Using virtual reality for staff training
Tech expert Ritchie Djamhur explains how businesses can leverage virtual reality to inexpensively introduce complex new concepts to employees.
- Crowdfunding platforms have spurred innovation through additional corporate funding.
- Innovation in learning is alive and well and the necessary hardware and software is now very affordable.
- Adopt technology to build your own classrooms for employees who are keen to learn.
In my last Acuity technology column on learning and innovation we looked at using virtual reality (VR) to learn or improve a particular skill, in this case public speaking. But sometimes learning is more about imparting a concept as opposed to a imparting single process or skill.
“In the moment” platforms such as VR and 360 degree video can assist in delivering ideas in a way that can be more deeply absorbed than reading or watching content on a standard TV.
First, it’s worth looking at the evolution of the different technologies that have brought us to this moment in time. The humble PC is now a machine capable of movie studio standard editing. Smartphones have themselves become handheld computers with amazing speed and screen resolution.
Crowdfunding platforms have spurred innovation through additional corporate funding. Internet speeds allow live video streaming at high bit rates; and social media provides the reach and exposure for broad communication.
Now that 360 videos have made their way onto YouTube and VR-based video applications, any person with a modicum of interest in video production and editing can source the hardware and tools required to shoot, produce and deploy 360 degree video content that can be viewed in virtual reality headsets.
The immersive nature of VR
VR platforms are gaining popularity within the learning community because the immersive nature of VR provides a personal experience where the viewer is placed in another environment but has some level of control. In the case of VR video, the user can visually explore their surroundings.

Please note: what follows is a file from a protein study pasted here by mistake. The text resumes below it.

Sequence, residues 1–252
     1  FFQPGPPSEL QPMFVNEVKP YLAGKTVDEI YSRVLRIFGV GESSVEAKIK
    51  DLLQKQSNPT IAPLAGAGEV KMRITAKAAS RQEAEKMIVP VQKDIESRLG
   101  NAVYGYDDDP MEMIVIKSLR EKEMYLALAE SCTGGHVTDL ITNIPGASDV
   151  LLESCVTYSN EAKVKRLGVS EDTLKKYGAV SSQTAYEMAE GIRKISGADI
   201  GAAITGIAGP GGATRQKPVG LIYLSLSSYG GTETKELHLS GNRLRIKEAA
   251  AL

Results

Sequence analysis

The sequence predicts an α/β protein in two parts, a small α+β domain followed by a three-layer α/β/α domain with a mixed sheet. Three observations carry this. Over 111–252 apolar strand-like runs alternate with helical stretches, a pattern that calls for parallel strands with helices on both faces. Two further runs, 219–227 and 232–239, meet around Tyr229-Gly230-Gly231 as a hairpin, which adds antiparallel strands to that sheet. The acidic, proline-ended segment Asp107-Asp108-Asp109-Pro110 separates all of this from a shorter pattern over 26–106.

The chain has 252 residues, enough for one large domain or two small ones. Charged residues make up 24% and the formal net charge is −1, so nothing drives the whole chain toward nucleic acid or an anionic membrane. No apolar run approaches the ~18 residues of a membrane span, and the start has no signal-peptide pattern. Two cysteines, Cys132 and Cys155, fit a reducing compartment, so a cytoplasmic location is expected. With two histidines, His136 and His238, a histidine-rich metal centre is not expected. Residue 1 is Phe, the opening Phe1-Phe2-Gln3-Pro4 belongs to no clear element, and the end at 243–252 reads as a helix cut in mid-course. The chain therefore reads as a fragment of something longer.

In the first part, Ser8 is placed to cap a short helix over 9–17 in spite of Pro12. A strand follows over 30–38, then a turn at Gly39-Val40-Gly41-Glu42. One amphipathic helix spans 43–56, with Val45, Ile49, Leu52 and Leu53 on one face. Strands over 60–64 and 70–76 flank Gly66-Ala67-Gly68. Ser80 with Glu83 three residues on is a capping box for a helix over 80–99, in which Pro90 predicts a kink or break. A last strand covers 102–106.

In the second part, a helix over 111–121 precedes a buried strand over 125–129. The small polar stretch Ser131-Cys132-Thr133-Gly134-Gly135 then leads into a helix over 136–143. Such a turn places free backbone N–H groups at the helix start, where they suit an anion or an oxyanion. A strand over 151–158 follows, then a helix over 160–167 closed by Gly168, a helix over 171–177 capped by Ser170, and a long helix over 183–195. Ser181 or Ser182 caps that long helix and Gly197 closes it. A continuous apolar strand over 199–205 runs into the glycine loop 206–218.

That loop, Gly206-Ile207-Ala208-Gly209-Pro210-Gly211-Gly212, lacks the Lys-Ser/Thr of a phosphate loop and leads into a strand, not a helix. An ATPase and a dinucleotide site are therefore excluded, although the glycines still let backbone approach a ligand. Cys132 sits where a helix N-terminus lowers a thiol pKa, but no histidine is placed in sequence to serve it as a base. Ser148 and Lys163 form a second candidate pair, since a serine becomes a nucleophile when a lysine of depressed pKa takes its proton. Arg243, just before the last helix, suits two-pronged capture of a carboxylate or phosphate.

Even though a lot of 360 video content is by nature passive, a learner can still gain an understanding of a chosen topic through stepping into another person’s shoes. I recently worked with two local education providers, Western Sydney TAFE, and UTS Business School, on projects to utilise VR/360 video for unique learning purposes.
Western Sydney TAFE wanted to use an innovative way to introduce new students into their metal workshop class so that students could gain a minimum level of understanding in the area of health and safety.
Metal workshops are by nature filled with cutting and drilling equipment, so we produced a pre-semester tour of the workshop premises with a teacher as the guide. The teacher talked through various safety aspects and demonstrated some of the equipment.
We produced this using a dual lens 360 camera that outputs a single image which could be easily edited using off-the-shelf software. The video (see above) was then used online (YouTube) and on smartphones with VR headsets such as the Samsung Gear VR and Google Cardboard. Students could watch the induction video from the comfort of their home on a standard computer or a VR headset if they had one available.
Driving disability case study
The project with the University of Technology’s Business School was part of their inaugural Driving Disability Employment forum. The idea of this content was to put the viewer in the shoes of a person with a disability to briefly experience some of the challenges they faced.
The video (see above) showcased mindful workplace practises that made it comfortable and inviting for people with disabilities. The learning outcome here was a heightened appreciation for people from all backgrounds and sections of the community and their smooth integration into the workplace.
Experiencing these pieces of content in VR is not hard to achieve – you just need a VR headset that a smartphone can be inserted into, and use the YouTube application to split the screen into two images. These days it really is that easy.
The surprising thing for many is that the videos both took only around half a day each to shoot, produce and edit.
Innovation in learning is alive and well. The necessary hardware and software is now within the grasp of any business with a modest budget, so start making your own impact for your individual training needs.
This article is part of an ongoing Technology column that takes aim at technology issues as they relate to business, economics and finance. As part of this column, Acuity will be running a series by Ritchie Djamhur specifically on learning and innovation.